Newspapers, Legends Sing Praises
by ATP Staff|
ATPWorldTour.com takes a look at the news and talking points at The Championships on Sunday.
What The Papers Are Saying
The plaudits are endless for Roger Federer, and indeed Andy Roddick, after the two produced a wonderful finale that saw Federer win a record 15th Grand Slam crown. “Roger Federer confims he is greatest ever” headlines The Times. “A year ago, save for a couple of hours, we asked the question could sport get any better? Could tennis get any crueller? Could Wimbledon ever have a men’s singles final to compare with the brilliance of 2008?” asks Barry Flatman. “Perhaps now, after this gargantuan struggle that featured more games than any other final in grand-slam history, we can have a better perspective on these three issues that will be debated at length by everyone who cares for the sport or simply dips into tennis for the Wimbledon fortnight. What more could anyone ask for a finale? Records galore being broken, a gathering of legends, a contest brimful of aggression, subtlety and mutual respect across the net, a glorious sunny afternoon and early evening, unlike last year uninterrupted by rain.”
“Roger Federer must now be heralded as indisputably the greatest of all time,” continues Flatman. “Most accepted the fact after he completed his set of majors at the French Open a month ago but now with 15 grand-slam titles to his name, he has made any conjecture on the subject irrelevant.”
“No match will ever be tighter or more absorbing,” states The Sun. “Roger Federer defied Andy Roddick's heroics to claim the most dramatic of his six Wimbledon crowns and a record 15th Grand Slam title. The No.2 in the world rankings became the No.1 in the tennis books after breaking Roddick's serve for the first time in the very last game to clinch an amazing fifth set 16-14.”
Writing in The Telegraph, three-time Wimbledon champion Boris Becker believes the final was Roddick’s to lose. “Federer would not have come back from two sets down. But at that crucial moment, Roddick stopped believing. It is the few grains of doubt, or just not being comfortable in that situation, which makes all of the difference. The same can be said of the fifth set. Roddick was one point away from serving for his first Wimbledon title in that last set, but he couldn't take it. Federer only needed one championship point, which tells you everything. He only broke Roddick's serve in the last game of the match. That is percentage tennis."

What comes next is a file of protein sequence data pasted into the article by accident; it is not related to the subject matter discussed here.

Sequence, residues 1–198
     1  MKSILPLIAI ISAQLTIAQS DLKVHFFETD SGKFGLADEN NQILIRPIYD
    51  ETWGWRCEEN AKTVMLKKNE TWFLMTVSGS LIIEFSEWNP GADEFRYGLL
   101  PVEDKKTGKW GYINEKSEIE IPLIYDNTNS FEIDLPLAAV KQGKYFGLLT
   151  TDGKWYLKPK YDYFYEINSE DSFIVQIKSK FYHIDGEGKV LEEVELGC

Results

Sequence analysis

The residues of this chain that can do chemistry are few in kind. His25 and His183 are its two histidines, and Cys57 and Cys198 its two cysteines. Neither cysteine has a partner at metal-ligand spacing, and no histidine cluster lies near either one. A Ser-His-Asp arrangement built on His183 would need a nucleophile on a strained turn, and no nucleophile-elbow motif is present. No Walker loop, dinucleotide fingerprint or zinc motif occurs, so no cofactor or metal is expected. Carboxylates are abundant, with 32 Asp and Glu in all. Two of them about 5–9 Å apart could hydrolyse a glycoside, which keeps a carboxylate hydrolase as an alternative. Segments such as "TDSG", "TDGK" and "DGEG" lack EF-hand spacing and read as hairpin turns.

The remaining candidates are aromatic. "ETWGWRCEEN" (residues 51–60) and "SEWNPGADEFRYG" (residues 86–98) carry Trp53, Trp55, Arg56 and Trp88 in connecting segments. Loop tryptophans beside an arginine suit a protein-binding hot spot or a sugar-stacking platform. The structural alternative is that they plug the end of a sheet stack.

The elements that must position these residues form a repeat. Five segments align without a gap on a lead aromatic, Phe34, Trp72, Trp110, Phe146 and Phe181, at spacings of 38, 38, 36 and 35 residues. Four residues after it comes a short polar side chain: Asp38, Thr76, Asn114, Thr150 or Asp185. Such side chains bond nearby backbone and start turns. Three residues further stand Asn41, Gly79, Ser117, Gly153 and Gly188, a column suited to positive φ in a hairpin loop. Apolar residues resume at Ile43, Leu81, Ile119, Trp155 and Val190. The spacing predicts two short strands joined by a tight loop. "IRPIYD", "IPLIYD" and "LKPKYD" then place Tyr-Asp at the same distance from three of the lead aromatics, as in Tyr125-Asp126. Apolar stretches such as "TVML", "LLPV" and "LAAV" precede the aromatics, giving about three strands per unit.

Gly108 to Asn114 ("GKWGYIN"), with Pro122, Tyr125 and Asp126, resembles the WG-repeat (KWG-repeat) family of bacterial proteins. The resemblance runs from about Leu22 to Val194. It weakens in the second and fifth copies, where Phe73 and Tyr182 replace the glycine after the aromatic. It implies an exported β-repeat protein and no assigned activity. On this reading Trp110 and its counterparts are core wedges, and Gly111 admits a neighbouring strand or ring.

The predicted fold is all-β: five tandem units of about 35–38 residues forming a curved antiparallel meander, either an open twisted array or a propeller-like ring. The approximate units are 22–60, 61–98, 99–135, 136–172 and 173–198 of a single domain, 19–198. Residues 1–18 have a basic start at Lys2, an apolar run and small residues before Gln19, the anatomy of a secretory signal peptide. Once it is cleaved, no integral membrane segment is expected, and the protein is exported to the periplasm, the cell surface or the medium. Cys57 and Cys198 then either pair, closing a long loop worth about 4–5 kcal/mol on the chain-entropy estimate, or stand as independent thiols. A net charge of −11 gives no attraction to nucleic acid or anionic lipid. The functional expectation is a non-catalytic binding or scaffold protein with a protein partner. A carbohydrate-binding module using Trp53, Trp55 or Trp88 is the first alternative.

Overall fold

BBC Sport gets the thoughts from some of the games legends as to whether Federer is the greatest player ever. “He was a legend and now he's an icon. He's a credit to the game,” says Pete Sampras – seven-time Wimbledon champion. “He is the greatest - I have to give it to him - some people say Rod Laver and Rafael Nadal but Roger has won all the majors and he's going to win a few more.”
“He's the most gifted player that I've ever seen in my life - I've seen a lot of people play. This guy could be the greatest of all time. That, to me, says it all,” states seven-time Grand Slam winner John McEnroe.
Boris Becker declares: “I believe he is the greatest player of all time - he has won grand slams on all four surfaces. He is only 27 so he has a couple of good years left in him. His all-round game makes him so special and he really doesn't have a weakness.”
Headline Of The Day
“Jolly Roger”, headlines The Sun. “Fed Makes History With Epic Wimbo Win”.
Statistic Of The Day
At 77 games, it was the longest men’s Grand Slam final in history. The previous Wimbledon record was 62 games – set last year in the gripping finale between Rafael Nadal and Federer. The final set in Sunday’s final, which lasted 95 minutes, was the longest in any Grand Slam final ever.
Roddick held 37 straight service games in the match - and saved the first six break points he faced - before Federer broke in his 38th service game and on his seventh break point. Meanwhile, Federer fired a personal-best 50 aces – just one short of the Wimbledon record set by Ivo Karlovic.
Quote Of The Day
“I tried for you Pete, I tried to hold him off. I'm sorry,” joked Andy Roddick after the final. Pete Sampras watched from the front row of the Royal Box as his Grand Slam record was broken.